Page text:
This weekend, a category four hurricane — Hurricane Matthew — will make its way up the coast of the southeastern United States, potentially wreaking havoc on a number of coastal beaches and cities. While the hurricane has the potential to cause damage in the United States, it has already caused damage elsewhere — specifically in the Caribbean, where the hurricane made landfall on Tuesday night. For those who are lucky to be on higher and drier grounds, there is one major way to help the Hurricane Matthew victims in Cuba, where those affected are not fortunate enough to have access to supplies and funding like the United States.
Hurricane Matthew hit Cuba on Tuesday after causing heavy damage to Haiti, according to the Weather Channel. Parts of eastern Cuba have already received eight to 12 inches of rain while central Cuba has seen three to five inches of rain. According to NBC News, Hurricane Matthew has thankfully not caused too much damage to Cuba itself. Matthew only hit the "eastern tip of Cuba," knocking down "dozens of homes" in the city of Baracoa, located on the island's eastern tip. The damage, according to NBC News, amounts to "relatively little" with no immediate reports of deaths or injuries.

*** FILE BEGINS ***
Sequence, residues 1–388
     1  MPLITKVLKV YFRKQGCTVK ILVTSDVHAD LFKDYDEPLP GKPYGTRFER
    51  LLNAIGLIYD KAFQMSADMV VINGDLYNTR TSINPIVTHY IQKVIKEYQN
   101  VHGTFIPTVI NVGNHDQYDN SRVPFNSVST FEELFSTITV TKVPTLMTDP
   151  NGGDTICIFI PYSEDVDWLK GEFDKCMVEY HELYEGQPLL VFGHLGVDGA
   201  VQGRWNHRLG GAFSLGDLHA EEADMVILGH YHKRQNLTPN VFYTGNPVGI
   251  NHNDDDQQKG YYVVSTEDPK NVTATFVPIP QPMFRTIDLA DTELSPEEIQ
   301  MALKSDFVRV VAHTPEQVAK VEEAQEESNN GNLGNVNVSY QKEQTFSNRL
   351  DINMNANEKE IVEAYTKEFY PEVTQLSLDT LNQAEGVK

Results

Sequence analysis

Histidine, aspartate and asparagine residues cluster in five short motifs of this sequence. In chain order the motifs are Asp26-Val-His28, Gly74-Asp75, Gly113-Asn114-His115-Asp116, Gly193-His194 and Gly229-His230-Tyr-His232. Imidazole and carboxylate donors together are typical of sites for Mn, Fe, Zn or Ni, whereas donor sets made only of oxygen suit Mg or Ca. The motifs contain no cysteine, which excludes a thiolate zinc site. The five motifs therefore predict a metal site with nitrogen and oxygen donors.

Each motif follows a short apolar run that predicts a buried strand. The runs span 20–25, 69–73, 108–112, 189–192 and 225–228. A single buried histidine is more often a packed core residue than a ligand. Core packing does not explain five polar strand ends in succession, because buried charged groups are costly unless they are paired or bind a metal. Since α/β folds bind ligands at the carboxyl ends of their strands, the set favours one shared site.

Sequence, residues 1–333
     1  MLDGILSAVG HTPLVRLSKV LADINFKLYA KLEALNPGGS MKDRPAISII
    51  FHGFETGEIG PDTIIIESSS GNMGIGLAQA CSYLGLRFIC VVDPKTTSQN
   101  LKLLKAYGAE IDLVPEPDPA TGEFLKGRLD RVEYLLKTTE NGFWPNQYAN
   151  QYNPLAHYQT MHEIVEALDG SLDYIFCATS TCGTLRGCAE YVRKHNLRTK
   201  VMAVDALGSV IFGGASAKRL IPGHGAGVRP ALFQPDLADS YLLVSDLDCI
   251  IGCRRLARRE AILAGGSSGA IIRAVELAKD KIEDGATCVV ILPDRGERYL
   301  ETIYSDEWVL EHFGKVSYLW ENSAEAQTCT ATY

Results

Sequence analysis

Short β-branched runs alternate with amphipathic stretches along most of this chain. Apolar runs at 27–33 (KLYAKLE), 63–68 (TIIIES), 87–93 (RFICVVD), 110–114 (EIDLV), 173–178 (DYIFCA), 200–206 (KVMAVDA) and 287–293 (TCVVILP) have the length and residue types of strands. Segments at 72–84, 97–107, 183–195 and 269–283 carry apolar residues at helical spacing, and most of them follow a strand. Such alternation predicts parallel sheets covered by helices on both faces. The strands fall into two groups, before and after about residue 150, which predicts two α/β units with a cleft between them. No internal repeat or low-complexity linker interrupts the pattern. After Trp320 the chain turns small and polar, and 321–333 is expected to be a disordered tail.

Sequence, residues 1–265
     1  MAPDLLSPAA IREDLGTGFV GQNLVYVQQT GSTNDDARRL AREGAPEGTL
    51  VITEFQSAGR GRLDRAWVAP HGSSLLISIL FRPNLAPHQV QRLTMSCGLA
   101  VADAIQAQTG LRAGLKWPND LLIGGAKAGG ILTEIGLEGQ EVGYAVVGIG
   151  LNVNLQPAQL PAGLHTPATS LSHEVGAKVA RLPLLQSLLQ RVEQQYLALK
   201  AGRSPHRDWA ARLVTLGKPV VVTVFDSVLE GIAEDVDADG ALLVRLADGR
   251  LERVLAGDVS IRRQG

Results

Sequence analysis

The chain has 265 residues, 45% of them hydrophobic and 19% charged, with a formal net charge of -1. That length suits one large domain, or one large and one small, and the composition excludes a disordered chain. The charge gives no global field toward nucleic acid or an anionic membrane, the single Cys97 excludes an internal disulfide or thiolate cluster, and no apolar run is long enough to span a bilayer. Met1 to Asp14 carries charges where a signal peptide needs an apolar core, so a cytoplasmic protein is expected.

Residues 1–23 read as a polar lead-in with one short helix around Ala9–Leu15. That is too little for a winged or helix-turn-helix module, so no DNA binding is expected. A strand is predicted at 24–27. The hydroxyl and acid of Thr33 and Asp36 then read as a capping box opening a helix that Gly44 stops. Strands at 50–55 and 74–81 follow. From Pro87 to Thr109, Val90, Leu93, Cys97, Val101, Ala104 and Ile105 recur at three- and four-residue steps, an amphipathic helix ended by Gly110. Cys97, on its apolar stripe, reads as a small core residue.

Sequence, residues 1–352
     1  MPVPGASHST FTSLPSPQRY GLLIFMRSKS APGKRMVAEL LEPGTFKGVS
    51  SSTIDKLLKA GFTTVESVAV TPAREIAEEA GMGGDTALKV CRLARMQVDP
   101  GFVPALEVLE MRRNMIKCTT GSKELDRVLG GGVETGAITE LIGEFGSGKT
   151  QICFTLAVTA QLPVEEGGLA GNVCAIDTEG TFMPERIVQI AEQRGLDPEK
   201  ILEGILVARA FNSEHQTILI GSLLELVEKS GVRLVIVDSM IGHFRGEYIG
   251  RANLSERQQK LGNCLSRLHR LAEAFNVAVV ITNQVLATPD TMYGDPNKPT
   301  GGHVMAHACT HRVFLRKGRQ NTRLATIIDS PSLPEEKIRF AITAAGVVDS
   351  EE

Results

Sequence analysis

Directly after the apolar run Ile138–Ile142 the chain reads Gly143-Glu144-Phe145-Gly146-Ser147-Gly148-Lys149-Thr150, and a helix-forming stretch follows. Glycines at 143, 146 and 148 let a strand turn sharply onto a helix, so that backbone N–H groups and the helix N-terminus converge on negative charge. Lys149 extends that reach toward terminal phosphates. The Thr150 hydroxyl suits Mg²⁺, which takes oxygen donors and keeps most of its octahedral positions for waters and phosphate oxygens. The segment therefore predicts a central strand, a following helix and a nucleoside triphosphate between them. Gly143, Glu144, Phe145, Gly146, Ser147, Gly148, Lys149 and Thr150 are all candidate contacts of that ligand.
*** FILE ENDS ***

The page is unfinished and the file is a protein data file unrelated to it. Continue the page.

Still, some 35,000 residents in Cuba were evacuated and moved to storm shelters or to higher ground, Cuban officials told NBC News. And just because there are no reported deaths or major damage done to Cuba does not mean that the country does not need help. Hurricane relief efforts are costly and take up a lot of time — therefore one of the easiest and best ways people can help is by donating money to these efforts.
While physically helping hurricane victims might be tough due to limited travel from the United States to Cuba, donations can help families in need to rebuild what they have lost.
The Red Cross currently has teams in the Caribbean, including Cuba, assessing the damage caused by Hurricane Matthew and helping out wherever it can. Monetary donations can be made to the Red Cross on its website; you can also text the word REDCROSS to 90999 to make a $10 donation to the organization.
Oxfam is also currently working to coordinate with the government to respond to the damage and develop a recovery program. Oxfam has experience in Cuba — the organization has been working there for over 20 years and is prepared to evaluate the damage immediately. Donations to Oxfam's relief funds can be made on its website.
UNICEF is also currently accepting donations to help the 6 million children in the storm's path, in places like Cuba and the Caribbean. According to USA Today, Cuban relief efforts made by churches and relatives in Florida will not be able to respond to the tragedy in Cuba until Hurricane Matthew passes, but will begin to help with the recovery in Baracoa when they are able to send aid.
Although there are limited options to helping Cuba during this time of devastation, keep in mind that relief efforts are just now getting under way — more charities and organizations will be needing donations to help rebuild homes in the coming days, so if you haven't pitched in yet, don't worry. You've got time.